T WO hundred years ago there lived in Scotland a young man whose name was Alexander Selkirk. He was quarrelsome and unruly. He was often making trouble among his neighbors.
For this reason many people were glad when he ran away from home and went to sea. "We hope that he will get what he deserves," they said.
He was big and strong and soon became a fine sailor. But he was still headstrong and ill-tempered; and he was often in trouble with the other sailors.
Once his ship was sailing in the great Pacific Ocean. It was four hundred miles from the coast of South America. Then something happened which Selkirk did not like. He became very disagreeable. He quarreled with the other sailors, and even with the captain.
"I would rather live alone on a desert island than be a sailor on this ship," he said.
"Very well," answered the captain. "We shall put you ashore on the first island that we see."
"Do so," said Selkirk. "You cannot please me better."
The very next day they came in sight of a little green island. There were groves of trees near the shore, and high hills beyond them.
"What is the name of this island?" asked Selkirk.
"Juan Fernandez," said the captain.
"Set me on shore and leave me there. Give me a few common tools and some food, and I will do well enough," said the sailor.
"It shall be done," answered the captain.
So they filled a small boat with the things that he would need the most—an ax, a hoe, a kettle, and some other things. They also put in some bread and meat and other food, enough for several weeks.
Then four of the sailors rowed him to the shore and left him there.
Alexander Selkirk was all alone on the island. He began to see how foolish he had been; he thought how terrible it would be to live there without one friend, without one person to whom he could speak.
He called loudly to the sailors and to the captain. "Oh, do not leave me here. Take me back, and I will give you no more trouble."
But they would not listen to him. The ship sailed away and was soon lost to sight.
Then Selkirk set to work to make the best of things. He built him a little hut for shelter at night and in stormy weather. He planted a small garden.
There were pigs and goats on the island, and plenty of fish could be caught from the shore. So there was always plenty of food.
Sometimes Selkirk saw ships sailing in the distance. He tried to make signals to them; he called as loudly as he could; but he was neither seen nor heard, and the ships came no nearer.
"If I ever have the good fortune to escape from this island," he said, "I will be kind and obliging to every one. I will try to make friends instead of enemies."
For four years and four months he lived alone on the island. Then, to his great joy, a ship came near and anchored in the little harbor.
He made himself known, and the captain willingly agreed to carry him back to his own country. When he reached Scotland everybody was eager to hear him tell of his adventures, and he soon found himself famous.
In England there was then living a man whose name was Daniel Defoe. He was a writer of books. He had written many stories which people at that time liked to read.
When Daniel Defoe heard how Selkirk had lived alone on the island of Juan Fernandez, he said to himself: "Here is something worth telling about. The story of Alexander Selkirk is very pleasing."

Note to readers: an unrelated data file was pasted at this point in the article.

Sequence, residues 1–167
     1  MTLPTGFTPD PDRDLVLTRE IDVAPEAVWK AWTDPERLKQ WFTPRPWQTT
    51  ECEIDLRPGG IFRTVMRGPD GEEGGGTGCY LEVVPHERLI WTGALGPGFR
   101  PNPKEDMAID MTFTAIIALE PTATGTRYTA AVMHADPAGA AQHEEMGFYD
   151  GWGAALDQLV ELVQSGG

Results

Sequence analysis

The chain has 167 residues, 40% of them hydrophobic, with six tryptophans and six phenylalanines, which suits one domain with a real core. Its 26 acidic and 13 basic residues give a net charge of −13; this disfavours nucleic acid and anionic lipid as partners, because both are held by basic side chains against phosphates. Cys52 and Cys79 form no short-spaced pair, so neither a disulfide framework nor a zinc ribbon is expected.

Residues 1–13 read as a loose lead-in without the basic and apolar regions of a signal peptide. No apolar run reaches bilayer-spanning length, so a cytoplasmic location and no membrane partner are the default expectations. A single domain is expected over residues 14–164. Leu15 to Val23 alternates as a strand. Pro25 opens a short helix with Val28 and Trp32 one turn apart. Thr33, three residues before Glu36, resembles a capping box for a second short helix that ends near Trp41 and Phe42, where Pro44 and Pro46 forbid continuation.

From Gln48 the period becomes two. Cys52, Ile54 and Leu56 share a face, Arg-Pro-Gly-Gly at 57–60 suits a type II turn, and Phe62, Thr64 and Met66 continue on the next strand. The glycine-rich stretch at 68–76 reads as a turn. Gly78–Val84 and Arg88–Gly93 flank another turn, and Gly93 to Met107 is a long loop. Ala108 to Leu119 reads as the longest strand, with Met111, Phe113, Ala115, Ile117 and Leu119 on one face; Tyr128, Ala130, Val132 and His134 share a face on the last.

So he sat down and wrote a wonderful story, which he called "The Adventures of Robinson Crusoe."
Every boy has heard of Robinson Crusoe. Many boys and indeed many girls have read his story.
When only a child he liked to stand by the river and see the ships sailing past. He wondered where they had come from and where they were going.
He talked with some of the sailors. They told him about the strange lands they had visited far over the sea. They told him about the wonderful things they had seen there. He was delighted.
"Oh, I wish I could be a sailor!" he said.
He could not think of anything else. He thought how grand it would be to sail and sail on the wide blue sea. He thought how pleasant it would be to visit strange countries and see strange peoples.
As he grew up, his father wished him to learn a trade.
"No, no, I am going to be a sailor; I am going to see the world," he said.
His mother said to him: "A sailor's life is a hard life. There are great storms on the sea. Many ships are wrecked and the sailors are drowned."
"I am not afraid," said Robinson Crusoe. "I am going to be a sailor and nothing else."
So, when he was eighteen years old, he ran away from his pleasant home and went to sea.
He soon found that his mother's words were true. A sailor's life is indeed a hard life. There is no time to play. Every day there is much work to be done. Sometimes there is great danger.
Robinson Crusoe sailed first on one ship and then on another. He visited many lands and saw many wonderful things.
One day there was a great storm. The ship was driven about by the winds; it was wrecked. All the sailors were drowned but Robinson Crusoe.
He swam to an island that was not far away. It was a small island, and there was no one living on it. But there were birds in the woods and some wild goats on the hills.
For a long time Robinson Crusoe was all alone. He had only a dog and some cats to keep him company. Then he tamed a parrot and some goats.
He built a house of some sticks and vines. He sowed grain and baked bread. He made a boat for himself. He did a great many things. He was busy every day.
At last a ship happened to pass that way and Robinson was taken on board. He was glad to go back to England to see his home and his friends once more.
This is the story which Mr. Defoe wrote. Perhaps he would not have thought of it, had he not first heard the true story of Alexander Selkirk.